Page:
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Old 01-07-09, 03:42 PM   #11
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Default Re: AF ratio

No, not accurate. It's for closed loop fueling. Basically non-WOT driving.

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Old 01-07-09, 05:39 PM   #12
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Default Re: AF ratio

Not only does it not read richer than low 11's AFR, it reads that in many cases where you're leaner than that. For example, I've seen the stock sensor read that when I'm "really" at 12.0 AFR as per a wideband.

A good wideband controller with a wideband sensor that's in good working order and properly calibrated should always be used for accurate tuning and monitoring. The stock sensor is acceptable for a course idea of AFR while at idle and while cruising or decelerating.
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Old 01-07-09, 08:07 PM   #13
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Default Re: AF ratio

Quote:
Originally Posted by Shamoo View Post
The stock oxygen sensor is not very accurate and is pretty much only good enough for closed loop operations. I believe that the lowest it will read is around 11.1 (atleast that's what mine does).

I'd look into an aftermarket wideband for accuracy.

Cmon now, that's not exciting. I love knowing my a/f could be anywhere from 10-14 when I'm at 19.5 psi. Sort of like russian roulette...
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Old 01-08-09, 01:05 AM   #14
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Default Re: AF ratio

What's a good aftermarket oxygen sensor?
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Old 01-08-09, 03:16 AM   #15
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Default Re: AF ratio

AEM - Gauge-Type Wideband UEGO Controller
This is the one i ordered and seems like most people are running this.

Gauge-Type Wideband UEGO ControllerFAQs...A wideband UEGO sensor controller accurately monitors Air/Fuel ratios (AFR) during the tuning process to prevent a lean fuel mixture, which could lead to engine damage. AEM has combined its single-channel wideband UEGO controller and gauge display into one unit, uniting unsurpassed AFR accuracy and control with an easy-to-read interface. AEM’s Gauge-Type Wideband UEGO Controller features a digital LED display and sweeping LED “needle” that changes colors as AFR changes from rich to lean. The unit’s 52mm (2-1/16”) gauge housing fits in most gauge pods and can be remotely mounted virtually anywhere.
Ideal AFR monitoring tool for EFI and carbureted applications, and engine dynamometersDoes not oscillate AFR reading like narrow band sensorsNo laptop required for monitoring!Bosch sensor includedAccurate to 0.1 AFRReads in AFR or Lambda via a switch in back of gauge housing24 Color-coded LED display lights provide immediate reference to engine’s air/fuel ratio (AFR) or Lambda ratioIntegrated three-digit display reveals AFR or Lambda in real timeUser-programmable 0-5v analog output included for use with data loggers and virtually any engine management systemSerial data stream included for output of AFR (RS 232)
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Old 01-08-09, 04:29 AM   #16
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Default Re: AF ratio

Quote:
Originally Posted by Inn-Tune View Post
A good wideband controller with a wideband sensor that's in good working order and properly calibrated should always be used for accurate tuning and monitoring.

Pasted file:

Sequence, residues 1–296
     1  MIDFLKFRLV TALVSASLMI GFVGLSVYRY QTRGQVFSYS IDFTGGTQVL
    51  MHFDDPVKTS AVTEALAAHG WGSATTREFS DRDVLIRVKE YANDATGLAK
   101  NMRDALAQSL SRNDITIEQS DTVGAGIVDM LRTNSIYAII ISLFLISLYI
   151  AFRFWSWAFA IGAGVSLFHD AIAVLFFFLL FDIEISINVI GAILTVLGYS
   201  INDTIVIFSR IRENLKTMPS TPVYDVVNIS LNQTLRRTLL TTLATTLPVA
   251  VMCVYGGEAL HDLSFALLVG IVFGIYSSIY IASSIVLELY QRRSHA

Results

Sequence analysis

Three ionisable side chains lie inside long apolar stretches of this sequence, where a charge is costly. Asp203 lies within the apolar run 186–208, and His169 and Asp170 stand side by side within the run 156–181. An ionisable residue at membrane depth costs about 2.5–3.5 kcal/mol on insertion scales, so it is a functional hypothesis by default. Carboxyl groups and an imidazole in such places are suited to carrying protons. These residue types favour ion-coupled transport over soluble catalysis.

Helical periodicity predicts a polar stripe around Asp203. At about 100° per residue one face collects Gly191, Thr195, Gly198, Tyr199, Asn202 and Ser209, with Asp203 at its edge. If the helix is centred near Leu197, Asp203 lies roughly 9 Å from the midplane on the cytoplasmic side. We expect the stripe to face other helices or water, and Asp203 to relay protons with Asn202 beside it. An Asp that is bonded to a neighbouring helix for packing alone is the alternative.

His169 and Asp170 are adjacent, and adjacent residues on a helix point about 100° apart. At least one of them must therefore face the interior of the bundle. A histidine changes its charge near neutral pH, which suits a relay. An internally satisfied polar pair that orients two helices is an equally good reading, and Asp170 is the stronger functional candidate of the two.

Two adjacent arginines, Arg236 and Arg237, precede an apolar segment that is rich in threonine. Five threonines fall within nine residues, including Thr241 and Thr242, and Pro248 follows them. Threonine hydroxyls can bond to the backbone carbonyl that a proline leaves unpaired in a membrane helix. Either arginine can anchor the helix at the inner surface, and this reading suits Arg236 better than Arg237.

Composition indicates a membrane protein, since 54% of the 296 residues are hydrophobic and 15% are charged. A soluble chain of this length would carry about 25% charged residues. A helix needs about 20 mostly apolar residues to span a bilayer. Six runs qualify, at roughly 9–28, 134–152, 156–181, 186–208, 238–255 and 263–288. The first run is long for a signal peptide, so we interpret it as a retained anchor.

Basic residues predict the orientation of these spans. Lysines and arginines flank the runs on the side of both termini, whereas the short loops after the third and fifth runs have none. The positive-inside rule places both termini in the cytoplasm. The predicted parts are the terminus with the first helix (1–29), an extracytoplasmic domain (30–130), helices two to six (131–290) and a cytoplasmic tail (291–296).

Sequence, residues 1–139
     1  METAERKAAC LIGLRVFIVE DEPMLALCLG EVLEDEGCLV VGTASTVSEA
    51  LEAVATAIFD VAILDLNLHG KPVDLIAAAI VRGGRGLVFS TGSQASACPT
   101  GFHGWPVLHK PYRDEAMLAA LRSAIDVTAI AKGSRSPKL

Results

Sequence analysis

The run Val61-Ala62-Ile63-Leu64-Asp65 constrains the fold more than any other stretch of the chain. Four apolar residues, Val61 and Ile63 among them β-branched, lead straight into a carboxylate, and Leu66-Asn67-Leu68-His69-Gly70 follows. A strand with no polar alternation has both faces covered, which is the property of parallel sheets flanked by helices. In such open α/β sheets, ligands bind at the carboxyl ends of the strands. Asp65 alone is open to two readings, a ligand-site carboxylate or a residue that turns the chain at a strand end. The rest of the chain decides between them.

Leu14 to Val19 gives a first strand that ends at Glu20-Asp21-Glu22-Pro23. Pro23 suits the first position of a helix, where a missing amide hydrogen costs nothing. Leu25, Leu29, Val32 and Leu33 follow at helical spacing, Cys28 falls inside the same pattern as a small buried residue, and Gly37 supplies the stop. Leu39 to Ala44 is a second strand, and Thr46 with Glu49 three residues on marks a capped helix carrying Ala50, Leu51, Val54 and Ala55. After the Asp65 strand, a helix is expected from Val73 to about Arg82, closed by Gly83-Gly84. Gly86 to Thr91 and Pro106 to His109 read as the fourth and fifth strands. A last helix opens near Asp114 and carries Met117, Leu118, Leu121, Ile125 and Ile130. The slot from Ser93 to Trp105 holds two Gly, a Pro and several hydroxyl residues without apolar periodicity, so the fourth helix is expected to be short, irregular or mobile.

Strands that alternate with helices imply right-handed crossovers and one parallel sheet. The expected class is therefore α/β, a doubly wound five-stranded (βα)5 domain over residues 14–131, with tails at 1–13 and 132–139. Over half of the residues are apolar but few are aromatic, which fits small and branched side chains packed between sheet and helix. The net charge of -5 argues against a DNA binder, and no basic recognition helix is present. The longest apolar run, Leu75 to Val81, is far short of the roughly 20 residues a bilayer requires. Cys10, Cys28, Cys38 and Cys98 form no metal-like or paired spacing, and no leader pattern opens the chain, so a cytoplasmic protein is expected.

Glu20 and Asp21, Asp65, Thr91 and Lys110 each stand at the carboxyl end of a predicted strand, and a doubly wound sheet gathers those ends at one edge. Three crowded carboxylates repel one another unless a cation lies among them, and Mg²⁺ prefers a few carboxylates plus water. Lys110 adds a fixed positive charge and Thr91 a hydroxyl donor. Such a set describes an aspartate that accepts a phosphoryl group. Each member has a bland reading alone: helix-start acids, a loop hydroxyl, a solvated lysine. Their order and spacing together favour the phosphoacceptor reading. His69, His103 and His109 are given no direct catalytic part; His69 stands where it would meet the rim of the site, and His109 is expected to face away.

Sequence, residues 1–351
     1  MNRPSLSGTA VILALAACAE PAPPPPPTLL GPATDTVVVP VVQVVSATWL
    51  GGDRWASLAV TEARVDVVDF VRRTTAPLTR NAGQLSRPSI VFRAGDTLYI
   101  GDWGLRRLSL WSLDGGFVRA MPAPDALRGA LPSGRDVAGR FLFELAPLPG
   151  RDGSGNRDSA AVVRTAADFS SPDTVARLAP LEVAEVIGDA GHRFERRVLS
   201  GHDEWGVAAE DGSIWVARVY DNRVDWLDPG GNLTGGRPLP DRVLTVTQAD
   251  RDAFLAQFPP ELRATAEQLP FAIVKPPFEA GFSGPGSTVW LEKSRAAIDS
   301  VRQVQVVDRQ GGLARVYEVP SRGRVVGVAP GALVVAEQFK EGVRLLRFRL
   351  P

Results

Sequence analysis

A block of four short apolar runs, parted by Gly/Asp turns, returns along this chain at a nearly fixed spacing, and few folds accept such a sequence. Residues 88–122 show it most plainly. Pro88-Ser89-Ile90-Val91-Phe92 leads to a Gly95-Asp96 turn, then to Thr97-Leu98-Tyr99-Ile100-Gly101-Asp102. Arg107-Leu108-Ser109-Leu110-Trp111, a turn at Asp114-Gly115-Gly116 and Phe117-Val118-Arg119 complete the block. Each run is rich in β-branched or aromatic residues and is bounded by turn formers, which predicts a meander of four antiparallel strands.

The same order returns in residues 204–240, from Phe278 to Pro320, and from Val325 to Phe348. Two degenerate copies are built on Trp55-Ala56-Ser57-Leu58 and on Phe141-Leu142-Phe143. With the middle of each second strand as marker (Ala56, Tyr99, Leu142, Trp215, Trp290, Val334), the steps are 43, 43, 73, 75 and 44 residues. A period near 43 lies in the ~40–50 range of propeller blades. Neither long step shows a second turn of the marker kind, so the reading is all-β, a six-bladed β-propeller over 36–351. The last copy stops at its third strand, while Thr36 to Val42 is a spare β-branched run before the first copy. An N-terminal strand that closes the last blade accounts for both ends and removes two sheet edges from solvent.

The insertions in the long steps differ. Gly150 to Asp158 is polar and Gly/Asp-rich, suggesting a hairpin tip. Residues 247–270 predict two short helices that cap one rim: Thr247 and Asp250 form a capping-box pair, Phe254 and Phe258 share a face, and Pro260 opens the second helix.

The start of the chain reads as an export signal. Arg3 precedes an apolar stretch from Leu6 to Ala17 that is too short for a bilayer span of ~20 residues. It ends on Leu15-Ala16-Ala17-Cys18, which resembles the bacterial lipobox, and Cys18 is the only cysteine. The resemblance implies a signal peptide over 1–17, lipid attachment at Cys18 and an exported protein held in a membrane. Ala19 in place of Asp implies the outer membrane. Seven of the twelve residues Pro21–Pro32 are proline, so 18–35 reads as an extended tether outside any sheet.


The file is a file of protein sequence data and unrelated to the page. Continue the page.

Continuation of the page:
On this note, how does one make sure that the WB system is properly calibrated and showing accurate numbers? Actually, the O2 sensor is probably the piece that is most likely to fail with time, so my questions is - how to you tell that your WB O2 sensor is reading accurately?
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Old 01-08-09, 05:09 AM   #17
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Default Re: AF ratio

^^^

To make things even more dfficult, the sensor should be placed far enough away from the turbo so the heat doesn't affect it in any way (not just the reading, but heat can also damage the unit). I believe they usually say at least 14 inches from the turbine discharge, although I often see them only inches away.

ALSO, the sensor should always be angled upward in the exhaust pipe to prevent moisture from collecting on and damaging the unit.
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Old 01-08-09, 05:12 AM   #18
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Default Re: AF ratio

great so i guess i should get a wideband to make myself better by seeing more accurate no. thanks for the info guys
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Old 01-08-09, 11:17 AM   #19
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Default Re: AF ratio

If the o2 sensor needs to be 14 inches away from the turbo why does cobb put so close?
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Old 01-08-09, 11:19 AM   #20
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Default Re: AF ratio

Quote:
Originally Posted by SRH_STi View Post
^^^

To make things even more dfficult, the sensor should be placed far enough away from the turbo so the heat doesn't affect it in any way (not just the reading, but heat can also damage the unit). I believe they usually say at least 14 inches from the turbine discharge, although I often see them only inches away.

ALSO, the sensor should always be angled upward in the exhaust pipe to prevent moisture from collecting on and damaging the unit.
I though it was 6in or so. (That's what she said...). There's actually a nice LC-1 instruction manual available from their site, I believe that talks in great detail about this.
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